The Federal Aviation Administration said yesterday it intends to fine Pacific Southwest Airlines a record $385,000 for what it called a "pattern" of maintenance violations that in some cases may have caused PSA to fly passengers in "unairworthy aircraft."
PSA vice president James Snoddy said he was "appalled" by the charges and that "there is absolutely no basis for them. We feel we can refute each and every one of them."
The FAA's intent was made known yesterday in a six-page letter to PSA president William R. Shimp. Ten specific violations of federal air regulations were cited, including charges that some of PSA's planes were flown in an unsafe condition.
"We believe that these violations disclose a pattern by PSA to defer the immediate performance of required maintenance," the FAA letter ".... Moreover, "...Moreover, it appears that these policies caused PSA flight crews to conduct revenue flights (that is, passenger-carrying ones) in unairworthy aircraft."
PSA is a small airline - it has only 29 planes - but has been enormously successful in building a heavy schedule, almost entirely within California. It has consistently undercut the fares of big-name airlines in the West. PSA's success at attracting passengers with a combination of low fares and good schedules was frequently cited in Congress as an argument for deregulating airline routes and fares.
The enforcement action against PSA came as a result of a routine inspection by FAA employees, FAA chief counsel Clark H. Onstad said yesterday. It comes at a time of increasing concern about FAA monitoring of airline maintenance practices that has resulted from the investigation of the American Airlines DC10 jumbo jet crash in Chicago May 25 that killed 273 people.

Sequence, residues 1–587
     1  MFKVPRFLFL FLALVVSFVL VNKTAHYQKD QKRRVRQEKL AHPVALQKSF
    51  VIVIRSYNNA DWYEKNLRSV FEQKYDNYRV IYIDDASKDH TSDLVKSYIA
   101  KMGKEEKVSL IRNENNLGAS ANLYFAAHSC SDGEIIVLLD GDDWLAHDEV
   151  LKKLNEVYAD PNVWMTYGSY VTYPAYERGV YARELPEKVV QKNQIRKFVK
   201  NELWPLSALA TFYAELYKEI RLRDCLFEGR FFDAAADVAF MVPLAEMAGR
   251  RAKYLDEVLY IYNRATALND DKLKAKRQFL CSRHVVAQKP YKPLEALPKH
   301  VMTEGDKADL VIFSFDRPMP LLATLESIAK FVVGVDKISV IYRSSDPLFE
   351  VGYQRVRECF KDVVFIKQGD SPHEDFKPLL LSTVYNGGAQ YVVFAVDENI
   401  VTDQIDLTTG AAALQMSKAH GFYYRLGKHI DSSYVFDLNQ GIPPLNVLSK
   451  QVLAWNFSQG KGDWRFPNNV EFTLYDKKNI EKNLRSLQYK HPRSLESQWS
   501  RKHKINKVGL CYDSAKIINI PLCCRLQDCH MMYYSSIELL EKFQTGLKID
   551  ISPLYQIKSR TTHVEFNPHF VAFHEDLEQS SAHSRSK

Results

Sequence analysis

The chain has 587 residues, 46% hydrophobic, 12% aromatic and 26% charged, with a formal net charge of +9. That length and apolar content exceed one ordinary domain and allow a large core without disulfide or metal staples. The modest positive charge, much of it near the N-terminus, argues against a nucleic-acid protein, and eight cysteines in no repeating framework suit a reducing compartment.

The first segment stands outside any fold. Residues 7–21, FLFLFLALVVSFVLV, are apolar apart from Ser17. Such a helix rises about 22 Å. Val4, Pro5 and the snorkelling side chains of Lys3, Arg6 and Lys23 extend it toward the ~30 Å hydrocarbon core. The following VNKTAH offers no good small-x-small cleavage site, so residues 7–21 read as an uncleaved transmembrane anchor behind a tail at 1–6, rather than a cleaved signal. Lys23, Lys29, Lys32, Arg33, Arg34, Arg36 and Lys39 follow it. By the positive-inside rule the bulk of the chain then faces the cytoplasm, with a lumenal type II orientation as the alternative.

According to both PSA and FAA officials, the PSA investigation predated the Chicago accident.
Several of the FAA allegations appear to pertain more to paperwork and record-keeping than to genuine air safety issues. Others, however, appear more serious.
The FAA letter charged, for example, that:
- PSA operated two Boeing 727 jets for a total of 135 flights when they had cracks in the forging in the main landing gear beam support lug. "In both instances, required maintenance was deferred," the FAA said.
- PSA permitted a jet with a malfunctioning tachometer to make 94 flights. A tachometer is the instrument pilots used to monitor engine performance and is essential during takeoff. It is illegal to fly without an operating tachometer.
- PSA permitted 13 flights of a jetliner with a defective engine that "would have delayed engine response to the application of power."
Art Smoak, PSA's director of maintenance, said in a lengthy telephone interview that:
- The landing gear lugs were not load-bearing, that the problem was not significant, and that PSA had the authority to make that determination. "We contend there isn't even a technical violation," he said.
- The tachometer in question did act erratically on one occasion, was checked by a mechanic and cleared. Subsequently, the tachometer stopped working completely and was replaced. No flights were made illegally, he said.
- The "defective engine" was "never out of operating limits, although it did have a slow spool (response) problem." Again, no flights were made illegally, he said.
Smoak said that one FAA complaint concerning record-keeping, not air worthiness, "could be a valid item."
PSA has 20 days to reply. Then there is an administrative appeals process following which the case could go into federal courts.